5 Signs It’s Time to Look for a New Job06.04.13
Knowing when it’s time to leave your job is a delicate balancing act. You may feel it’s time to move forward, but of course you need to take care of your responsibilities, which frankly your job enables you to do. So how do you know when it’s time to look for a new job? You could use external factors to get a gauge, i.e. layoffs, furloughs, lack of revenue, scant raises, etc. But even if the company is growing and healthy you may still be contemplating a major transition. The editors of Cotton Candy want you to use your internal compass to decide whether you should give your current job more time with a different perspective or if you would be more productive simply transitioning to a new opportunity.
No Work-Life Balance
Every job will at some point require you to exert more energy and spend more hours to get your assigned tasks finished. But there should be an ebb and flow of work – hectic and lull periods. If you are not taking care of your body (not eating properly or not exercising because of too much work), you’re missing important family events, have no time to run errands, do chores or have a social life, you need to make a change. Try first to time manage your work and your personal life. Determine if the lack of balance is a short term or long term issue. If the situation is a permanent, consider looking for a new job.
You Want to Grow
Every company and environment will teach you skills that another cannot. So if you want to gain new experience with varying projects, perspectives, culture, software and platforms taking a position in another company may give you opportunity to grow. Search for jobs that will push you to grow with on-the-job training, professional workshops and training seminars. More training and new skills will put you into the position to advance in your field.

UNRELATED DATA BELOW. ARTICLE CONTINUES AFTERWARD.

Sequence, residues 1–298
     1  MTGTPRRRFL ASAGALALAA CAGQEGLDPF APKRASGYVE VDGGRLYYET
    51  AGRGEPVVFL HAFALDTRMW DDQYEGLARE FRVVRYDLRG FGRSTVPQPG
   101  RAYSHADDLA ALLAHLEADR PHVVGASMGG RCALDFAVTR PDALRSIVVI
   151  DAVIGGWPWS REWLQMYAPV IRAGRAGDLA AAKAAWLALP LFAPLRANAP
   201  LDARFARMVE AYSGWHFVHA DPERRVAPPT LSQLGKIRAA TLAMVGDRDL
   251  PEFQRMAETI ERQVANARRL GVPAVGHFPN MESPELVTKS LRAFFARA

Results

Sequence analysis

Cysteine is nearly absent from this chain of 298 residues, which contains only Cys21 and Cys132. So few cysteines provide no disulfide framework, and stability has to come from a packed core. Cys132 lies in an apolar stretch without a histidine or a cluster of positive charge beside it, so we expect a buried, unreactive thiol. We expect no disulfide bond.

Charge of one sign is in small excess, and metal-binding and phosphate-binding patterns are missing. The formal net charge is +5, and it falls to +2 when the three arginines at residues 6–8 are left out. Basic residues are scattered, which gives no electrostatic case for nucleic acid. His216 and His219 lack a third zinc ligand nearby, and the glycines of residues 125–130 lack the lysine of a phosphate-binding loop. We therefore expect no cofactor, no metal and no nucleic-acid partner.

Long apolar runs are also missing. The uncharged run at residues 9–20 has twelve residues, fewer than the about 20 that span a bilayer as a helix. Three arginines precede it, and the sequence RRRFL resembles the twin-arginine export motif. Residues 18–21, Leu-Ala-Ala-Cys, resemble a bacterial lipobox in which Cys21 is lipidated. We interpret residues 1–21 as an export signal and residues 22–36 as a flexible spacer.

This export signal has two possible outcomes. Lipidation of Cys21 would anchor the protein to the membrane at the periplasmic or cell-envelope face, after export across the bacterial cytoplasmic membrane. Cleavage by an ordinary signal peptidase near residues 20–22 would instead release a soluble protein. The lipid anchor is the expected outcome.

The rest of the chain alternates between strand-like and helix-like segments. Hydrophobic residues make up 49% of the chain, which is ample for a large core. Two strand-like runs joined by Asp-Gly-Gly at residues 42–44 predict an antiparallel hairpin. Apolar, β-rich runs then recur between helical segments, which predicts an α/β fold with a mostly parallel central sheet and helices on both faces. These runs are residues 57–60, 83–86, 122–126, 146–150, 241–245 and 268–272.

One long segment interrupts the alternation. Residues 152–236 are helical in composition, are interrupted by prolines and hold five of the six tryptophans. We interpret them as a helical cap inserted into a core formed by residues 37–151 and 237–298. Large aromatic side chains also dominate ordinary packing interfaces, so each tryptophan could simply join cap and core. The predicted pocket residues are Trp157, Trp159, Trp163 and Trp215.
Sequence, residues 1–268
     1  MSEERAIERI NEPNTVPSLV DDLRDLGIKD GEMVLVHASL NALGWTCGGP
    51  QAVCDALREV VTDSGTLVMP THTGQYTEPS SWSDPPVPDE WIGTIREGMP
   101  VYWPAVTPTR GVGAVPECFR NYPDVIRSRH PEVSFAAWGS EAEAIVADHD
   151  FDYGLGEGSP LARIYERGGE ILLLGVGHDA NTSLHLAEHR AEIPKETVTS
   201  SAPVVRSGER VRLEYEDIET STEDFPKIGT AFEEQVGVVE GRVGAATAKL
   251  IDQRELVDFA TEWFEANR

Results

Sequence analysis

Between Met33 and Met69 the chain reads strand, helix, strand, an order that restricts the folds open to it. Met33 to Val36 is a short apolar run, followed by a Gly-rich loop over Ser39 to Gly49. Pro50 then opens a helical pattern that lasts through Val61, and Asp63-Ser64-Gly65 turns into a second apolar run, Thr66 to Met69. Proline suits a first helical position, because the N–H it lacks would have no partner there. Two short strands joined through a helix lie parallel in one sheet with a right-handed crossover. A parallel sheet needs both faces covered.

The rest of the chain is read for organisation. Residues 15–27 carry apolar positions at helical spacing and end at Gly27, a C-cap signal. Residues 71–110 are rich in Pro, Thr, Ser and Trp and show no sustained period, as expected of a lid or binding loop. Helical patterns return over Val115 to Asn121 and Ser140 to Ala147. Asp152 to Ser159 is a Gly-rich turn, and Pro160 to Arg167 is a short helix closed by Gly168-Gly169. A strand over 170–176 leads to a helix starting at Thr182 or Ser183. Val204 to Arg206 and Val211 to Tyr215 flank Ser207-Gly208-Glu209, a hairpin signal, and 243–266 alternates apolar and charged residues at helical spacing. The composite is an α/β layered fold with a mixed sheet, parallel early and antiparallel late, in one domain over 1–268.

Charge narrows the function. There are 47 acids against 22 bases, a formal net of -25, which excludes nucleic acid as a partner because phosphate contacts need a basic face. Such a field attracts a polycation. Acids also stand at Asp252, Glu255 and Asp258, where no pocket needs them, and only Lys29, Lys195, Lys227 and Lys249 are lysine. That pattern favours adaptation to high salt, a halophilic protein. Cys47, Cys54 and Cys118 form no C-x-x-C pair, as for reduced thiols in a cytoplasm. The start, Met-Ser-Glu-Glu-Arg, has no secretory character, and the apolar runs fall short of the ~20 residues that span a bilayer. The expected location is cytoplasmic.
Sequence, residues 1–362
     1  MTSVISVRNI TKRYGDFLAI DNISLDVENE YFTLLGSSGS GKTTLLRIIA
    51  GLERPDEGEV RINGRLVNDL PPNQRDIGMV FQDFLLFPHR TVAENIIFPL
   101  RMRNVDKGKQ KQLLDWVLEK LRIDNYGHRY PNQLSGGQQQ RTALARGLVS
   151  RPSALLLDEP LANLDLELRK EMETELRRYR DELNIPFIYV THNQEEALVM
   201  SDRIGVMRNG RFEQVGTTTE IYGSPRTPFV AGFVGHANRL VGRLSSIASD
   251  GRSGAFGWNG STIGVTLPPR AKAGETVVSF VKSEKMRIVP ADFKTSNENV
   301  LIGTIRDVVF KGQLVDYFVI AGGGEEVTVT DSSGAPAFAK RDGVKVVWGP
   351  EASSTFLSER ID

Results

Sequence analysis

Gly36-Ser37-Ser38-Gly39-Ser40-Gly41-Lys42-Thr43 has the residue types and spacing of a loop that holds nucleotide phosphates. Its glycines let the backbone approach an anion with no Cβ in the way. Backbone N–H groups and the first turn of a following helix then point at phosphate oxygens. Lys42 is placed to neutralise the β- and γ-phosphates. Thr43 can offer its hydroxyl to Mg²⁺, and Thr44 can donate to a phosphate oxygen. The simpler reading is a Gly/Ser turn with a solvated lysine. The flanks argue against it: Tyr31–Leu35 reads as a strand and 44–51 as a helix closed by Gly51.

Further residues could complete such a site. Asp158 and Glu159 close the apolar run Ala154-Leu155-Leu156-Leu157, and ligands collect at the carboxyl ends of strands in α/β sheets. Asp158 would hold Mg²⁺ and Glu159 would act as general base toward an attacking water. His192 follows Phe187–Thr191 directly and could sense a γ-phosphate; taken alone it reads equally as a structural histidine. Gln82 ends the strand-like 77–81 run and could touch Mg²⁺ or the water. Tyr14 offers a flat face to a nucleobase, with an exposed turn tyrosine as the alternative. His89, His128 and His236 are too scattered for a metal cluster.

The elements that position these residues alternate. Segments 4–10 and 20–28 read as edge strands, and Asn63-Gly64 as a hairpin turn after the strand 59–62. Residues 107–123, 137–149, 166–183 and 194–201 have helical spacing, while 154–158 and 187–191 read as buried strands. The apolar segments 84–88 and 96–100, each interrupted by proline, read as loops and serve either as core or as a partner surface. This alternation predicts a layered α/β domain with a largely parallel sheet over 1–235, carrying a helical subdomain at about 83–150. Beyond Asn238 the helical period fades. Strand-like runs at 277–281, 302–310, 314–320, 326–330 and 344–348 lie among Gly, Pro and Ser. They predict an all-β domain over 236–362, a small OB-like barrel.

Lack of Advancement
Little or no chance for advancement may be a reason to look for other opportunities. Smaller companies are great environments to learn the inner workings of your profession. But at times, management positions and resources are limited. Moving up the ladder from staff member to manager may require a move outside of the company.
If you are in a mid-sized to large company and you are not advancing, you may want to ask for new projects or more responsibility. Many times, however, it can be difficult to get your current boss or coworkers to see you in a different role. Ask your supervisor about the next steps in the company. You may find you need more education or training. If you feel you meet or exceed the criterion but are constantly passed over for a promotion, consider positions outside of the company.
You Need a New Environment
Sometimes you may simply need a change of pace. New environments provide new beginnings. A fresh environment can be invigorating and inspiring. So if you know that your current position is uninspiring, you may want to consider looking outside of the company for fresh perspective.
Cotton Candy has tackled the topic of how to manage stress. And we’d like to expand further and encourage you to recognize when stress should not just be managed but lessened or eradicated. Some workers thrive with the adrenaline that stress may provide, but constant, excessive stress eventually will wear down everyone. If you’re getting headaches, stomachaches, emotional breakdowns, constant tiredness and anxiety, consider moving on. Try quelling the stress with more frequent, shorter vacations. Join activities that relieve stress, such as dance classes or sports teams. If you still need a change, talk to family or friends about whether making a move could be the remedy you need. Ultimately, you’ll have to make a decision that’s good for you. Wait until you are clear-minded, rested and unemotional. Changing jobs can be one of the best decisions you’ll ever make.